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Simple circuit question

  1. Sep 4, 2012 #1
    1. The problem statement, all variables and given/known data
    I'm going to try drawing the circuit. Numbers are added to it for reference. I apologize for the formatting. I'm not sure how to do white space. Edit: for VB the + is on top.

    VA and VB are switches.

    I need to figure out the voltage across VA and VBB when they are:
    1. open, open
    2. open, closed
    3. closed, open
    4. closed, closed

    1-------(+ VA -)-------(+ 8 V -)-------2--------------3
    |_______________________________|___________|
    12Ω____________________________15Ω_______(+ VB -)
    |_______________________________|___________|
    6-----------------------------------------5--------------4




    2. Relevant equations
    V = IR
    Kirchhoff's Laws


    3. The attempt at a solution

    1. When they are both open there isn't a circuit. So, VA = 0 V and VB = 0 V.
    2. Again, no circuit.
    3. There is a circuit. It has a total resistance of 27 Ω (I don't know if this matters). VA = -8 V and VB = 0 V.
    4. I'm not sure about this one. There are two loops, but loop 1256 has a total resistance of 27 Ω and loop 1346 has a total resistance of 12 Ω. So 1256 gets 27/39 = 9/13 of the current and voltage and 1346 gets 12/39 = 4/13 of the current and voltage? So VA = -8*9/13 V and VB = -8*4/13 V?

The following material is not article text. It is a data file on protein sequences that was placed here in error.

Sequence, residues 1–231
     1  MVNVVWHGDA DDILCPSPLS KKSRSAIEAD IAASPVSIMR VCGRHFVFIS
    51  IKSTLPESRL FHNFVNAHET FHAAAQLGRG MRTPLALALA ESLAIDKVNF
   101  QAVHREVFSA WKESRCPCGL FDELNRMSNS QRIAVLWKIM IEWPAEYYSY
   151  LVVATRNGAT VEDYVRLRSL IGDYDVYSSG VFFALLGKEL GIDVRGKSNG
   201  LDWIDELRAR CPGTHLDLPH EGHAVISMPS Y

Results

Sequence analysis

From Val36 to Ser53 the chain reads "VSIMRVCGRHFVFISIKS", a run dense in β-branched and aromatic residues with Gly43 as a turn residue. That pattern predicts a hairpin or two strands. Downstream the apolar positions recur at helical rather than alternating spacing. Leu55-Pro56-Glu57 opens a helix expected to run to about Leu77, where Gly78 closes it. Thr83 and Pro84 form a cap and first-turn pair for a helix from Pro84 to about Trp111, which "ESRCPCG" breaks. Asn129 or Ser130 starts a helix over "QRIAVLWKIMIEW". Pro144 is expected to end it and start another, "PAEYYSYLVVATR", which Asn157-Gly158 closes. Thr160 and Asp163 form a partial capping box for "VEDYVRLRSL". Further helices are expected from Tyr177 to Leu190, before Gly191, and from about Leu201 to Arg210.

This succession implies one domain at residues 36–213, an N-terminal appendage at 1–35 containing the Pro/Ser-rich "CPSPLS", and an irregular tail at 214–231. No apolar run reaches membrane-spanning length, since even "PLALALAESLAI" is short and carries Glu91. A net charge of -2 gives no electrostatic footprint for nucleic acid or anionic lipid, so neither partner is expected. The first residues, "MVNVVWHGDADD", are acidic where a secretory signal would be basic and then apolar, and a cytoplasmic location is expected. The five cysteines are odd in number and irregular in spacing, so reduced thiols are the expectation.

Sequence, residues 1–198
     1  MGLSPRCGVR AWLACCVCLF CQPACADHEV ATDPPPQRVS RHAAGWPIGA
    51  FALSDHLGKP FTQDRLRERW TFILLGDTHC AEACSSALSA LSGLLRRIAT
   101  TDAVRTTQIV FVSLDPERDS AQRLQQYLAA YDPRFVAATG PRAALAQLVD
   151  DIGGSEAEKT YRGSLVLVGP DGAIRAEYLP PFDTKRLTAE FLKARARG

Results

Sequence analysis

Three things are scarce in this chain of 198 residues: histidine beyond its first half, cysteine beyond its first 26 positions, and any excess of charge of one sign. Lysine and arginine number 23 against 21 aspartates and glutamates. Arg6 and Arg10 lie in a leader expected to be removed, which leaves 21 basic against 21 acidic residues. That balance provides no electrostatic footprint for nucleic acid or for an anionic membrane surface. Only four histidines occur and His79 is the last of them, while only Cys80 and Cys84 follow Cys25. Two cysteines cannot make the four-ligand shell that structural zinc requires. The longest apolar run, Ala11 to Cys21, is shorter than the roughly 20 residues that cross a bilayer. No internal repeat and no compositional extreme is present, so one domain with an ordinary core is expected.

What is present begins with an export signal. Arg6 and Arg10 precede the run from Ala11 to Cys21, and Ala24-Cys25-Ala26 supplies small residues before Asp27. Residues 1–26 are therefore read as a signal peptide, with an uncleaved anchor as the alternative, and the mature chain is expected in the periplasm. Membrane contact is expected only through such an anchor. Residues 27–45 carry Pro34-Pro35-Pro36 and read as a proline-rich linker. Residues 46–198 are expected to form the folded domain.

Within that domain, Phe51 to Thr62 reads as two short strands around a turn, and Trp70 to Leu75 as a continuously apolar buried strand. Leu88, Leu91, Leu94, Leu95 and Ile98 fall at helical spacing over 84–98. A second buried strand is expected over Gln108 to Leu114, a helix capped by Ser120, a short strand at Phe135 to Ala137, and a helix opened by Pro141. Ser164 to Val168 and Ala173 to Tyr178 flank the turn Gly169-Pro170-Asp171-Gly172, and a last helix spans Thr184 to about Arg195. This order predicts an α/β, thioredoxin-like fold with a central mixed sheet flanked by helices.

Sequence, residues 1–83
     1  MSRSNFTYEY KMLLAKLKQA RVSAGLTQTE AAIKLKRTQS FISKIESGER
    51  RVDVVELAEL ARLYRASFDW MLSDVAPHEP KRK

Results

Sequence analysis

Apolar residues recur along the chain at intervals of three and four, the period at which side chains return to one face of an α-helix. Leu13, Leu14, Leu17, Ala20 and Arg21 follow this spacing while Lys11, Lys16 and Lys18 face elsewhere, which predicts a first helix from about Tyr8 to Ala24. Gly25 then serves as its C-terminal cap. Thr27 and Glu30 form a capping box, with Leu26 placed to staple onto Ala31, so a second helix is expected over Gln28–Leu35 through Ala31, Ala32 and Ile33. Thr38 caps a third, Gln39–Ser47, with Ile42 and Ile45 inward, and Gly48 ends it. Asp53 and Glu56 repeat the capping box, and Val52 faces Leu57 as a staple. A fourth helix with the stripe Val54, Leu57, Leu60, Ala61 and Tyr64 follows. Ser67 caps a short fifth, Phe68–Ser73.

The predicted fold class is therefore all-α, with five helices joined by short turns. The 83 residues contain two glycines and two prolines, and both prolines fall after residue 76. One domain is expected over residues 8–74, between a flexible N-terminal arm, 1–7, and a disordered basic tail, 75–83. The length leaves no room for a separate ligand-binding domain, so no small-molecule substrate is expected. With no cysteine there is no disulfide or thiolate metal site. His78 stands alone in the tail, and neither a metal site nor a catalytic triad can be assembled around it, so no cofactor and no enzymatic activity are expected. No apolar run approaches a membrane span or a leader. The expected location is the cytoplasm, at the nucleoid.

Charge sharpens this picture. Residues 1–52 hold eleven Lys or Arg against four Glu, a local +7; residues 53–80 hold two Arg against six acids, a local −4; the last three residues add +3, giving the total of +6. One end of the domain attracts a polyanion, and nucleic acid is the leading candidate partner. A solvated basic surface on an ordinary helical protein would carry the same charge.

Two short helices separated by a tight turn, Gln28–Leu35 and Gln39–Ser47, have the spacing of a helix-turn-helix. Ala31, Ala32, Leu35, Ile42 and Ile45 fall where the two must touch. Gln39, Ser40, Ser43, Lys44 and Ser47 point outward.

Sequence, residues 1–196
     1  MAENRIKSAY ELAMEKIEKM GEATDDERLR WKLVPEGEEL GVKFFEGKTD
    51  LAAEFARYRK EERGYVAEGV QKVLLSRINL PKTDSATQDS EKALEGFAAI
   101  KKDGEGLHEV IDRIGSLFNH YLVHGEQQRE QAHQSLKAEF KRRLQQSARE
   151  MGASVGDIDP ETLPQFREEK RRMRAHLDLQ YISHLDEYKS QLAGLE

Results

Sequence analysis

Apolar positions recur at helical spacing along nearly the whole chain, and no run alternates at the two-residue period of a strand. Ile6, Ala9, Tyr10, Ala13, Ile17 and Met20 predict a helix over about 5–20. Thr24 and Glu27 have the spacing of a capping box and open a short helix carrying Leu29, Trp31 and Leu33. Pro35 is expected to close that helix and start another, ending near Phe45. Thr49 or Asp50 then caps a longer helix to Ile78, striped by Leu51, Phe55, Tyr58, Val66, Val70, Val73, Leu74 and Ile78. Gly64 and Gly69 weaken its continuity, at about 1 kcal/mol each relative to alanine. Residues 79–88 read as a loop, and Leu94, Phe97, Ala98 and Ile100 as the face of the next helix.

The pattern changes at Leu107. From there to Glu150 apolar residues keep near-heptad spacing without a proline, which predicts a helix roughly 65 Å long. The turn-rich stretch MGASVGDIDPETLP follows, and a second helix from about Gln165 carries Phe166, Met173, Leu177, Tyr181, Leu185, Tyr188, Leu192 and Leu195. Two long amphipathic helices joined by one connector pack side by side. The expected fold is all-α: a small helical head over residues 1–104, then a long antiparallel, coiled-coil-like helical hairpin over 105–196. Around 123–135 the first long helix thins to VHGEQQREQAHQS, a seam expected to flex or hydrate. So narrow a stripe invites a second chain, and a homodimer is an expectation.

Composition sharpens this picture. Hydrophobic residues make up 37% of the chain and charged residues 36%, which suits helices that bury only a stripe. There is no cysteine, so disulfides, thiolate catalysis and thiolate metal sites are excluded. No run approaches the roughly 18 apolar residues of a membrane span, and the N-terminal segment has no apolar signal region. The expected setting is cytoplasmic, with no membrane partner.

Last edited: Sep 4, 2012
  2. jcsd
  3. Sep 5, 2012 #2

    NascentOxygen

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    Staff: Mentor

    Circuit or no circuit, does not give the answer. If a voltmeter (or any device) were to be connected between the 2 terminals of the switch in question, would that form a path for current to flow through the meter? If so, what voltage would it register? That's the question you must address.
     
  4. Sep 5, 2012 #3

    NascentOxygen

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    Staff: Mentor

    Code (Text):
    If you wish to construct ASCII diagrams, enclose those lines
    between [b][[/b][b]code][/b] and [b][/code[/b][b]][/b] statements to display in a
    fixed-width font.
     
  5. Sep 5, 2012 #4

    CWatters

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    Science Advisor
    Homework Helper

    You need a circuit for current to flow. You don't need a circuit for a voltage to be present. For example a 9V battery still produces 9V even when it's disconnected from the circuit.
     
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